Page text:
Definitions and Examples of aristocratic, noble, patrician
Learn when and how to use these words with these examples!
Belonging to the highest social class, often characterized by wealth, power, and privilege.
The aristocratic family lived in a grand mansion and had many servants.
Having high moral principles and ideals; belonging to a hereditary class with high social or political status.
The noble knight risked his life to save the princess from the dragon.
A member of a hereditary class of ruling citizens in ancient Rome; a person of high social rank or noble birth.
The exclusive club was only open to patricians and their guests.
Key Differences: aristocratic vs noble vs patrician
- 1Aristocratic emphasizes wealth, power, and privilege, while noble emphasizes high moral principles and ideals.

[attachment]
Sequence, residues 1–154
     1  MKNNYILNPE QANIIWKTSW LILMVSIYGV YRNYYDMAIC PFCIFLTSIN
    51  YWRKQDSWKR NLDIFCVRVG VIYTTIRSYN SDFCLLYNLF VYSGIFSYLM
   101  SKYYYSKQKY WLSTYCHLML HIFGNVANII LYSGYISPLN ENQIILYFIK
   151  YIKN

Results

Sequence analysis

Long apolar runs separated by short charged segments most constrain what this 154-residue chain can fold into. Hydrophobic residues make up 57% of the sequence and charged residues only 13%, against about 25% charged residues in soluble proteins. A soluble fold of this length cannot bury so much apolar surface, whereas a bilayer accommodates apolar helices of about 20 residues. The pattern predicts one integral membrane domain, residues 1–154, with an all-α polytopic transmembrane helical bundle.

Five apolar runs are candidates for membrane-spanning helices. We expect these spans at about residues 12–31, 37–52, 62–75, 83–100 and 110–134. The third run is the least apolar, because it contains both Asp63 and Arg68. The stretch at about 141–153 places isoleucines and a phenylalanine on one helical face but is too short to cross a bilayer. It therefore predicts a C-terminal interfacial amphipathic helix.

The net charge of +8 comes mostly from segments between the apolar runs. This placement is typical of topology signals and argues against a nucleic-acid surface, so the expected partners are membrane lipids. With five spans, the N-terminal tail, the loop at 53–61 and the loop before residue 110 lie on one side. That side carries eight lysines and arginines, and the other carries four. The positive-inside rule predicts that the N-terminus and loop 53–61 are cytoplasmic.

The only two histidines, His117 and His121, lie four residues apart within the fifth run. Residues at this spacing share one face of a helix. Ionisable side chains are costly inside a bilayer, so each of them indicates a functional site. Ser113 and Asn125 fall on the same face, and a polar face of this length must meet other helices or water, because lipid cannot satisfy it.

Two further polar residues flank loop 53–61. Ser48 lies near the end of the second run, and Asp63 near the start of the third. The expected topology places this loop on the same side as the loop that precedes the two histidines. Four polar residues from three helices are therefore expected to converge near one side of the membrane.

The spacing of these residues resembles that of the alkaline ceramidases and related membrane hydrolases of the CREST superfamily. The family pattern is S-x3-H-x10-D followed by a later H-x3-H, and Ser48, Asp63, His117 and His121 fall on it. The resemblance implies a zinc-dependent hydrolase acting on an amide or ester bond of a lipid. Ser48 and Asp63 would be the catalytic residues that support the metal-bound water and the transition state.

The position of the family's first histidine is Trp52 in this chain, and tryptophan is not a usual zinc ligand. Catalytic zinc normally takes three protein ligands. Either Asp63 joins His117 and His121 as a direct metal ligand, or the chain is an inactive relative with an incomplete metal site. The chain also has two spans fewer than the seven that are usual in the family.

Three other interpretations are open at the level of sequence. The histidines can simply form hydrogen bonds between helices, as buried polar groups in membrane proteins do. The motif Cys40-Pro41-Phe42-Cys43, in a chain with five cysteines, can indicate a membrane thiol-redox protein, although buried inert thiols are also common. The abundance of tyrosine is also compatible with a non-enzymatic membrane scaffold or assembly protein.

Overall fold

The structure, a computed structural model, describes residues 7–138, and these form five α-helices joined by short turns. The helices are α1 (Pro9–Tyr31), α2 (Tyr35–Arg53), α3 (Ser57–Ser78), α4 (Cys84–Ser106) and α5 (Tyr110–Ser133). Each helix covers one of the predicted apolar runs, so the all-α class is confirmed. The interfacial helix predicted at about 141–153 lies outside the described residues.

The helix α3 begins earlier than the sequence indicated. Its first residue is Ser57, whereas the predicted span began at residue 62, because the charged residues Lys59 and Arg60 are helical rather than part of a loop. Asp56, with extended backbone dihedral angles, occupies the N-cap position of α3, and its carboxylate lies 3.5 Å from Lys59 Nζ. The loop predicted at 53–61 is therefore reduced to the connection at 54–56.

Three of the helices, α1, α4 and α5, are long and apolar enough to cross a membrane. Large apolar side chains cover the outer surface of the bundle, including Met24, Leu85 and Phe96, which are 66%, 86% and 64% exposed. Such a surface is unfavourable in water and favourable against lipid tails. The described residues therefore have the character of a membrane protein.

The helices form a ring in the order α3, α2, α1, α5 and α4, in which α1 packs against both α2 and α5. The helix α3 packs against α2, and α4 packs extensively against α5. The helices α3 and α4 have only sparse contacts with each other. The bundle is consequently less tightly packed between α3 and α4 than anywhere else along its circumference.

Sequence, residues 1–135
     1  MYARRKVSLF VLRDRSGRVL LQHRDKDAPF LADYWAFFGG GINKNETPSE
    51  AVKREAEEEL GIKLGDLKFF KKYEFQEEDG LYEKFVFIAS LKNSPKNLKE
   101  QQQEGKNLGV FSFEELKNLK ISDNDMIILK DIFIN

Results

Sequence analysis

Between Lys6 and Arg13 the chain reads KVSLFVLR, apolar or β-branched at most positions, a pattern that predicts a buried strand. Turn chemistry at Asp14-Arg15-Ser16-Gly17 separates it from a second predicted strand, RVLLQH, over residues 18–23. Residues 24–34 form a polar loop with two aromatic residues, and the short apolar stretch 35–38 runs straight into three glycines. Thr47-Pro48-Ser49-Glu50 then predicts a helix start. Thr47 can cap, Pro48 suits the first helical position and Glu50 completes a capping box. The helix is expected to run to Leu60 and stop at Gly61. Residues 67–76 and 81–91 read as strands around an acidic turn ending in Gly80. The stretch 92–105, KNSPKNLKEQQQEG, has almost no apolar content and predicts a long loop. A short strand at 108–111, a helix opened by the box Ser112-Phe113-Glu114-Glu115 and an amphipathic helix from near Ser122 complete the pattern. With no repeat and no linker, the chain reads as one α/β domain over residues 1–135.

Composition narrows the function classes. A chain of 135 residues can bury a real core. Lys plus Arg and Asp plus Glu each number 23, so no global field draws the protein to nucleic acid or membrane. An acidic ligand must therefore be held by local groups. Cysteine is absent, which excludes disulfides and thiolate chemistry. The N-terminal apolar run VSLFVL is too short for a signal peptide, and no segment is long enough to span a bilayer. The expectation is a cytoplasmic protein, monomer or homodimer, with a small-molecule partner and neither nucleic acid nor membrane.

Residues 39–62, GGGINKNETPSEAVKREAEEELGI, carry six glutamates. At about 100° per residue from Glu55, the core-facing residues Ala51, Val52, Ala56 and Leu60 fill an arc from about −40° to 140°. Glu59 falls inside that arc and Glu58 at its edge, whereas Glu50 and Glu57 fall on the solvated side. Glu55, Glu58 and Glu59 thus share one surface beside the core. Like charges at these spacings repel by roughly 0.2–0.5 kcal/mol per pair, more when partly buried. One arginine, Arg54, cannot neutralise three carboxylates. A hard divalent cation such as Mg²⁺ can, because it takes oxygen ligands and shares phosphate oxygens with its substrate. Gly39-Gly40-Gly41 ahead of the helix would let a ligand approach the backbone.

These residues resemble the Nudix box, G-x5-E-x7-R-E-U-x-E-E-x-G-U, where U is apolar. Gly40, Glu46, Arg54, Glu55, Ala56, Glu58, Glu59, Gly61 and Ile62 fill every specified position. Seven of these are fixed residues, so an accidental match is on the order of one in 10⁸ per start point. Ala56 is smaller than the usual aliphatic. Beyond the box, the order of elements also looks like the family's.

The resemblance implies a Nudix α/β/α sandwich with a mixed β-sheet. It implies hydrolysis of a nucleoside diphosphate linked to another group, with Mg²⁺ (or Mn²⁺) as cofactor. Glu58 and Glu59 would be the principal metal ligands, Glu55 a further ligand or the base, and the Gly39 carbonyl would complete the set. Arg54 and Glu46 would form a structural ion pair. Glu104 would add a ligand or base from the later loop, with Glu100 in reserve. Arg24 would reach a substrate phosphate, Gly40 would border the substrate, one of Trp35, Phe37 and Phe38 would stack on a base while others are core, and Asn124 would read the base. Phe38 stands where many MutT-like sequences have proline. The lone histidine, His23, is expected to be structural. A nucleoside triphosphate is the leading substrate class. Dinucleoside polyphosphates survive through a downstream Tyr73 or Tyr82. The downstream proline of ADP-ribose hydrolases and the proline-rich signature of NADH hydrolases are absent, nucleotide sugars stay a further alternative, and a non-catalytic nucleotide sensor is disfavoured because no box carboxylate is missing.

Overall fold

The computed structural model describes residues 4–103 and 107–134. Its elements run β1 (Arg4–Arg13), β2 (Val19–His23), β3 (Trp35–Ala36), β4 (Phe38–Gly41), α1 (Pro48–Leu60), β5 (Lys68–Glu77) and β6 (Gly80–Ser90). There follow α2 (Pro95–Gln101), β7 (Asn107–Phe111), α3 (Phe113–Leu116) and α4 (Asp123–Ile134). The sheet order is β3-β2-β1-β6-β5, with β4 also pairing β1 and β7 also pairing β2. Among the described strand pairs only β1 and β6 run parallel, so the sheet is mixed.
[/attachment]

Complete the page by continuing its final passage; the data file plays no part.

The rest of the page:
- 2Patrician is a noun that specifically refers to a member of a hereditary ruling class in ancient Rome, while aristocratic and noble are adjectives that describe high social status more generally.
- 3Nonaristocratic simply means not belonging to the aristocracy, while aristocratic, noble, and patrician describe those who do.
Effective Usage of aristocratic, noble, patrician
- 1Social Commentary: Use these antonyms to discuss social class and inequality.
- 2Historical Context: Incorporate patrician in discussions about ancient Rome.
- 3Creative Writing: Utilize these antonyms to create characters with distinct social backgrounds and personalities.
The antonyms aristocratic, noble, and patrician describe people with high social status, while nonaristocratic simply means not belonging to the aristocracy. Use these words to discuss social class and inequality, provide historical context, and create characters with distinct social backgrounds and personalities.